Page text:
Orgeat Recipe

This almond syrup is like liquid marzipan.

A bottle of DIY Orgeat next to a bowl overflowing with almonds.

Serious Eats / Liz Clayman

Why It Works

  • While it's best known as a part of a good mai tai, this almond syrup is also an exciting substitute for simple syrup or grenadine in mixed drinks or a fun addition to pie fillings, milkshakes, and even coffee.
  • You can find what you need to make orgeat at most grocery stores.

Orgeat (pronounced "or-zsa," like Zsa Zsa Gabor) is an almond syrup enhanced with a touch of flower water. It's an essential ingredient in Tiki drinks, because it ties together the multiple spirits and juices that are the hallmark of tropical cocktails. But orgeat's sophisticated French origins also shine through in more minimalist concoctions.

What's Available to Buy?

Cocktail geeks have been going nuts for orgeat for ages, but there's a reason you don't see it in many home bars: The good stuff is hard to find. Small-batch producer Small Hand Foods uses real almonds and sugar and doesn't use any fillers or artificial flavors. These syrups are delicious! But, at $22 for 250 milliliters, they're pretty expensive.

Some specialty stores carry these brands, but most people will have to order online and pay for shipping. No matter how amazing, these are still flavored syrups. Frankly, when it comes to my monthly cocktail budget, I'd rather put the cash toward a bottle of Punt e Mes vermouth (everyone has a monthly cocktail budget, right? It's not just me?).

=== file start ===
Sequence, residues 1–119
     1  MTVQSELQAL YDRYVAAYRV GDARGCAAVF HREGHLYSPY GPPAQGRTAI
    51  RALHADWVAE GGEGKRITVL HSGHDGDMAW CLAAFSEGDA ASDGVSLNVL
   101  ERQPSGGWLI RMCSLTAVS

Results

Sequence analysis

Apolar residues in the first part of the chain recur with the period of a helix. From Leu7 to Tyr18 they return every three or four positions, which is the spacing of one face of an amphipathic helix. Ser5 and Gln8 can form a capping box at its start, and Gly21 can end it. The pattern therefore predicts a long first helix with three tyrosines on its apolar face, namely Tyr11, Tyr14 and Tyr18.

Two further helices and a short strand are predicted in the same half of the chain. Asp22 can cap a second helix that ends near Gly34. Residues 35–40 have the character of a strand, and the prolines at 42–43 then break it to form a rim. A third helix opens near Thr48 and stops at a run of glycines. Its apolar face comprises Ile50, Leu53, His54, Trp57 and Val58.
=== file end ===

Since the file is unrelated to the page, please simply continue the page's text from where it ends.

Torani syrups, like the stuff you put in 'Italian sodas' are inexpensive and easy to find. However, take a look at the ingredients on the label of Torani orgeat: You'll see that somehow almonds didn't make it onto the list. Trader Vic's may be the home of the original mai tai, but their orgeat is loaded with high-fructose corn syrup, artificial flavors, and preservatives—and yet no almonds. Since no almonds mean no almond oil, these products never separate and are always a perfect milky white color. Most of the ingredients are there to control appearance and increase shelf life. Mmm, delicious shelf life...

Why DIY?

Often people think that if something is pricey and hard to find, making it from scratch must be a pain. Not so with orgeat! Making your own high-quality orgeat with all-natural ingredients takes 15 minutes work and costs about $6. You can sip your cocktails with pride, knowing your almond syrup is actually made with real almonds and sugar and not ingredients created in a lab.

You'll be able to find what you need to make orgeat at most grocery stores. I've experimented with dozens of recipes, some requiring several kinds of almonds, special water, and more complex techniques. So far this no-fuss recipe is my favorite. Bonus: Cleanup is minor, with only one sticky pot to wash.

Use It!

A glass of Japanese Cocktail.
The Japanese Cocktail, made with orgeat.

Serious Eats / Marcia Simmons

The most famous—and possibly most fun—way to use orgeat is to mix up a mai tai. While you're still pretending you live on a tropical island, shake up a Scorpion and a Saturn, too.